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Using Brand Architecture to Rethink Government

Everybody knows what branding is - the creation of a consistent image to the outside world, that will hopefully "stick" in the customer's mind and add a premium to what is otherwise a generic product.

(Behind the image there should be substance of course.) 

There is less familiarity with brand architecture. But it's pretty simple. Basically it's the naming and logo system you adopt to explain your business to the outside world.

Again, not to dwell, but there are three basic kinds of brand architectures. These can be used in the strict way or in a hybrid model, but generally you have:
  • Corporate - one name covers everything (Amazon.com)
  • Endorsed - one name endorses a variety of individual names (Coca-Cola C2)
  • Sub-brands - baby brand has different name and logo (Caribou Iced Coffee, owner Coca-Cola)
The beauty of brand architecture is that it allows the same organization to offer completely different products and services to the public in an orderly way.

What I mean by this is that strategic brand architecture maximizes synergies where they exist, and enables different lines of business to ignore each other where they don't. It's not just about marketing, but about the core of the business itself.

As a former brand consultant working in government for nearly ten years, it's surprising to me that we don't use the principles of brand architecture more.

You don't need to pay a consultant lots of money to do brand architecture, necessarily. If you can apply common sense and be objective about it then the cost is - free.

All you have to do, really, is think about what your customer already expects from you, then ask if you are organized to meet those expectations efficiently.

For example, to the public, I think it is fair to say that the federal government is seen as a single entity that operates in a consistent way. They may have awareness that certain agencies exist (for example the VA or Social Security) but most of the time, to them we're "the government." 

So from a brand architecture perspective, there ought to be a brand or seal applied to all federal agencies and activities that is consistent - almost like the Good Housekeeping Seal of Approval - to indicate a certain oneness of operation.

Based on that mark, there are certain expectations that the public has - for example that we operate according to core values of integrity, efficiency, and diversity. We should examine all federal agency operations to ensure they meet a consistent brand promise. When something is "backed by the U.S. government" people ought to know what that means, regardless of whether it comes from Agency A or B or C. At the very least, every federal website ought to have a U.S. Government seal somewhere on the site to indicate that it's for real. Publications too.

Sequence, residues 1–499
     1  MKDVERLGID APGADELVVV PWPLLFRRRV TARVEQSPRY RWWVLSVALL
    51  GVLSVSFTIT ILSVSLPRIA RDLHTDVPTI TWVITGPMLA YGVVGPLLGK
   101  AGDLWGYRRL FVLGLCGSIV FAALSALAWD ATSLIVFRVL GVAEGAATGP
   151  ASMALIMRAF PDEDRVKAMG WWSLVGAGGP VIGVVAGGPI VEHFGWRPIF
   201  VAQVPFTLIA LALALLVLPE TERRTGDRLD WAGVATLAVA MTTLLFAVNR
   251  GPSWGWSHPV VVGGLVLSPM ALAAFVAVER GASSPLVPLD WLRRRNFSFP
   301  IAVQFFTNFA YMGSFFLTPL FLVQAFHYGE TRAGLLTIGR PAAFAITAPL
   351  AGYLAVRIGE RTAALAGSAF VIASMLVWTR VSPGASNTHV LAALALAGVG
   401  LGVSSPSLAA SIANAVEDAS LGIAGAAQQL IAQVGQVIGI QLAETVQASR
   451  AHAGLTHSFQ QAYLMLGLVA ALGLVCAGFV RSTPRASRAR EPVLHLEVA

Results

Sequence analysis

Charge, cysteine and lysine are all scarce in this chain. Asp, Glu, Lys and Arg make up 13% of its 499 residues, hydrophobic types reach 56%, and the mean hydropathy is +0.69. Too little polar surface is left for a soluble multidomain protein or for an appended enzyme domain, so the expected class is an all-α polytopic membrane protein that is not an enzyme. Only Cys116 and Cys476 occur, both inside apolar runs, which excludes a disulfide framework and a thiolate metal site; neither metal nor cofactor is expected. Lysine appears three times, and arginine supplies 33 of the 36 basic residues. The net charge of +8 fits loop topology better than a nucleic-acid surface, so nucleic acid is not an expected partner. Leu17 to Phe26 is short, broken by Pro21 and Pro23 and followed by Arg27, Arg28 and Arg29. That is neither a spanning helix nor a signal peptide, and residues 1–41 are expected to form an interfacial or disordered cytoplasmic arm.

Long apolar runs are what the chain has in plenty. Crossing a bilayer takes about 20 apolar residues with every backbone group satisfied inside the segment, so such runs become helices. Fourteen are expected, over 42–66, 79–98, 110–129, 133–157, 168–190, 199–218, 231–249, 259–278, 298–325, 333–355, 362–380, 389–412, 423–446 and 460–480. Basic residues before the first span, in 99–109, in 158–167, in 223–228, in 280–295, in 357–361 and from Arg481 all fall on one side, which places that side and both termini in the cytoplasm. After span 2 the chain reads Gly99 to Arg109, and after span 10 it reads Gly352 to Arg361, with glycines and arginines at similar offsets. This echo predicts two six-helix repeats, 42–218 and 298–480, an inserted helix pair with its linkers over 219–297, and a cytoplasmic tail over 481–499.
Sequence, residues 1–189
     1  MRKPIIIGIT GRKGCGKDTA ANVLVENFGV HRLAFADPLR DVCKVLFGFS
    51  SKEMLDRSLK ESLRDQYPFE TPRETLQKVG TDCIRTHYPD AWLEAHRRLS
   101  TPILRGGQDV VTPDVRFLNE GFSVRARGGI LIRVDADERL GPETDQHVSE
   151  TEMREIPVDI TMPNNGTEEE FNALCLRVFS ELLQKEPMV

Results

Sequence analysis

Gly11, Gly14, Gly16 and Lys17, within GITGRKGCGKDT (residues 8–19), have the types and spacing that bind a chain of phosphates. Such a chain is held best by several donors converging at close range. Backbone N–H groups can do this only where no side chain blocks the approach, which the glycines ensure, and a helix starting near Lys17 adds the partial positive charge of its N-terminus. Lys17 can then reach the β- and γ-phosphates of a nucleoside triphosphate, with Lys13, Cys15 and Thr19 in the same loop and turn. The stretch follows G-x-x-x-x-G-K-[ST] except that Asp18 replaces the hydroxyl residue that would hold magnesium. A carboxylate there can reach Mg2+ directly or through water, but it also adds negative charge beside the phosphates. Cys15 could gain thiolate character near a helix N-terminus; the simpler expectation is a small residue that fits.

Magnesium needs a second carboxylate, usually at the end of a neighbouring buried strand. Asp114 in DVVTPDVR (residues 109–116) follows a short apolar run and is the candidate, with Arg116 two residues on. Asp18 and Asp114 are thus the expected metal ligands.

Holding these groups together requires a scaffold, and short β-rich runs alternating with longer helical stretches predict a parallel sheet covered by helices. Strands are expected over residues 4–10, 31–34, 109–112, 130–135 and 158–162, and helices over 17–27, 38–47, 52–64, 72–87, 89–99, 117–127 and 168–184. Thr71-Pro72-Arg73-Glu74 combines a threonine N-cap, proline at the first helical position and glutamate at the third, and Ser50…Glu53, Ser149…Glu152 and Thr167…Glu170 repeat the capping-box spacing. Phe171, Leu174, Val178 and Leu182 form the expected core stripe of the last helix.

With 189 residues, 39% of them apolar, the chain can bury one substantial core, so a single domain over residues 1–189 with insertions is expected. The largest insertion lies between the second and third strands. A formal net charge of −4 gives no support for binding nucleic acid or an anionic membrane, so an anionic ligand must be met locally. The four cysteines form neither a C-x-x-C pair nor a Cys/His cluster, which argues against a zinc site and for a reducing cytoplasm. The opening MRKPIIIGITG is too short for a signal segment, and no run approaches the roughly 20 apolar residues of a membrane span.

Sub-brands can work across government too. Two great examples of sub-brands that probably have more recognition than their parent agencies, especially outside Washington, DC:
  • USA.gov is the government's official portal for information. It is operated by GSA.
  • USAJOBS is the official portal for searching for government jobs. It is operated by OPM.
Brands mean something. Brands are powerful. We put our money in banks or credit unions that are backed by federal guarantees. That's the only reason not to put the money under the mattress - that little mark telling us that our funds are safe. 

We ought to invest in brand architecture across the government. It's not, repeat not, about marketing only. It's about creating a system of symbols across siloes that shows we operate as a single functional unit and that we've thought through the various promises we are making to our constituents.

We should institute brand governance in the federal government. Orderly, rational, logical. Applicable to all agencies. Coordinated. Singing from the same song sheet.

Sounds pretty good to me.

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